Parenting Time / Custody

Divorces can be lengthy and complicated processes. Determining custody and parenting time" adds another difficult layer to the process. Though both parents may want the best for their children, one parent might believe the other to be unfit to maintain joint custody.

Courts can award sole or joint custody of children, but if joint custody is awarded the parents will have to come together to agree upon major decisions for their children. The court will award custody based on the “best interests” of the child.

Custody cases typically occur when parents are filing for a divorce or legal separation, or when paternity or maternity cases commence.

What will the court consider in deciding custody?

Courts determine the “best interests” of the child by considering the following statutory factors A.R.S. 25-403:

  1. The past, present and potential future relationship between the parent and the child.
  2. The interaction and interrelationship of the child with the child's parent or parents, the child's siblings and any other person who may significantly affect the child's best interest.
  3. The child's adjustment to home, school and community.
  4. If the child is of suitable age and maturity, the wishes of the child as to legal decision-making and parenting time.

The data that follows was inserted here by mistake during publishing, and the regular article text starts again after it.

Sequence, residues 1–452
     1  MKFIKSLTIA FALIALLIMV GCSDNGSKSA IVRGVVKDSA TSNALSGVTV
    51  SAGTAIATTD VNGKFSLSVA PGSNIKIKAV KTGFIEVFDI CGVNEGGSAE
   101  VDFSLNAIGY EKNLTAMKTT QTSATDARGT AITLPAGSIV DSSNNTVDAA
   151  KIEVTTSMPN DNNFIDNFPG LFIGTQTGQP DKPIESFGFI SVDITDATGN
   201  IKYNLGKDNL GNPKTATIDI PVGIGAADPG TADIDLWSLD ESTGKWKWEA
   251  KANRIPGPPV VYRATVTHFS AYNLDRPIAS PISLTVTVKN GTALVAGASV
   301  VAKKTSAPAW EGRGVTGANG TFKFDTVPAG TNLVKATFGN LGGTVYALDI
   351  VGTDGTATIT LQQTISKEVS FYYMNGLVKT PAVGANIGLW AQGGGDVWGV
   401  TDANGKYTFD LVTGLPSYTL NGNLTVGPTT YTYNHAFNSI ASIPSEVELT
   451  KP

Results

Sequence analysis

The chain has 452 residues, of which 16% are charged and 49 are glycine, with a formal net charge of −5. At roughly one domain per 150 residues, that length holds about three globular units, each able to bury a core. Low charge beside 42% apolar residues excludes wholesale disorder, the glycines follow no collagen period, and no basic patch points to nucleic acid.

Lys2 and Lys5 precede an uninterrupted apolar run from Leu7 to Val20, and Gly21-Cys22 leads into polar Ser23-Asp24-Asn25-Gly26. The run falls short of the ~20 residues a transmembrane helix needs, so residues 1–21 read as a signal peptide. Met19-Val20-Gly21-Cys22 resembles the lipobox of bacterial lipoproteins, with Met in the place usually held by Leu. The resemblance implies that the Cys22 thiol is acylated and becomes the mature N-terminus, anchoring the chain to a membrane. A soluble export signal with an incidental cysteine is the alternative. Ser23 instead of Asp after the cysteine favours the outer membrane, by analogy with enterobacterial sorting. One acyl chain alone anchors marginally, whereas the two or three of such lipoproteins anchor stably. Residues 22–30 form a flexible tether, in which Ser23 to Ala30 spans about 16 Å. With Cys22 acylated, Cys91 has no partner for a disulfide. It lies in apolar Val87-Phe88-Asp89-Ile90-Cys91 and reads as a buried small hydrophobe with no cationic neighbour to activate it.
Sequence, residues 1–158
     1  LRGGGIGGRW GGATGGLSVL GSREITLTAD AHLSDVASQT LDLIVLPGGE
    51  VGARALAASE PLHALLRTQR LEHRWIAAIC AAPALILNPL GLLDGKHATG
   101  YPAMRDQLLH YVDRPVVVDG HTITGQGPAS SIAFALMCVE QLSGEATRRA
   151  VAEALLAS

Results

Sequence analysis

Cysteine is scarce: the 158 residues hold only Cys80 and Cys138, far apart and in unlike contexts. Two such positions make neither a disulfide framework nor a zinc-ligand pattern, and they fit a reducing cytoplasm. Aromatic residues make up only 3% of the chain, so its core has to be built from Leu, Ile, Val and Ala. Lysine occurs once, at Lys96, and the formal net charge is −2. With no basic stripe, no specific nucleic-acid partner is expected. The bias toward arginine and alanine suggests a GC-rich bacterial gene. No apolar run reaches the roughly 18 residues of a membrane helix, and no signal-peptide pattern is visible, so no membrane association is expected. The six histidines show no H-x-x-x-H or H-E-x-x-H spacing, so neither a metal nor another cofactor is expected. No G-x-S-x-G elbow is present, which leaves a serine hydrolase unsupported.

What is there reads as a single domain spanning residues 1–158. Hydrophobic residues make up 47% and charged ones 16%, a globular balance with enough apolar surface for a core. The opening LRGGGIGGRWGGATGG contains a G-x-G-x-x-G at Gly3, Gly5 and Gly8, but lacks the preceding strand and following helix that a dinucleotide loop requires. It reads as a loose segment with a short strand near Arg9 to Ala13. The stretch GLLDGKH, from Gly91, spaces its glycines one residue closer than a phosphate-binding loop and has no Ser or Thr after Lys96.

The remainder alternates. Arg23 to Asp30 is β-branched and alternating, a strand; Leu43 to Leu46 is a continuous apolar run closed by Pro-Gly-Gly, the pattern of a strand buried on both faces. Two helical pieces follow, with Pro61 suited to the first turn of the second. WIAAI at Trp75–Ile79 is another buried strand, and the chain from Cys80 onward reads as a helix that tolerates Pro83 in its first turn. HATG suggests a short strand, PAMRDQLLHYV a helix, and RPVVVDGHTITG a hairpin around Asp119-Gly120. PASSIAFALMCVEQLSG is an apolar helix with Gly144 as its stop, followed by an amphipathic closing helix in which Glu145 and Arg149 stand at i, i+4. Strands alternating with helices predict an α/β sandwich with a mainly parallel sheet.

5. The mental and physical health of all individuals involved.
  6. Which parent is more likely to allow the child frequent, meaningful and continuing contact with the other parent if no abuse or neglect is involved.
  7. Whether a parent has been convicted of domestic abuse.
  8. The nature and extent of coercion or duress used by a parent in obtaining an agreement regarding legal decision-making or parenting time.
  9. Whether either parent was convicted of an act of false reporting of child abuse or neglect.
  10. Whether either parent intentionally delayed a court case to gain preference.
  11. Whether a parent has complied with chapter 3, article 5 of this title.

If children are involved in a divorce, the parents will be required to attend separate court-mandated classes to lean about the effects and impacts divorce will have on their children. Both spouses will be required to attend these classes, and refusing to attend can result is lost child custody. (A.R.S. 25-403)

Though Arizona is a “no-fault” state for divorce meaning that a cause of divorce does not need to be proven in order to file for a divorce and property division does not factor in marital misconduct, this status is not protected the same way in determining child custody. Courts will factor in the actions of both parents during the marriage, and any behavior that could endanger a child or reduce stability will be held against the parent.

If the custody case is contested, the court will look at all factors that influence the “best interest” of the child to determine the custody arrangement. The court may refer to experts in child psychology or family structure to evaluate individual situations.

Types of custody

Courts can award sole or joint custody of children.

Sole custody means one parent is responsible for making all major decisions for the child, especially in regards to the child's education, religion, and health.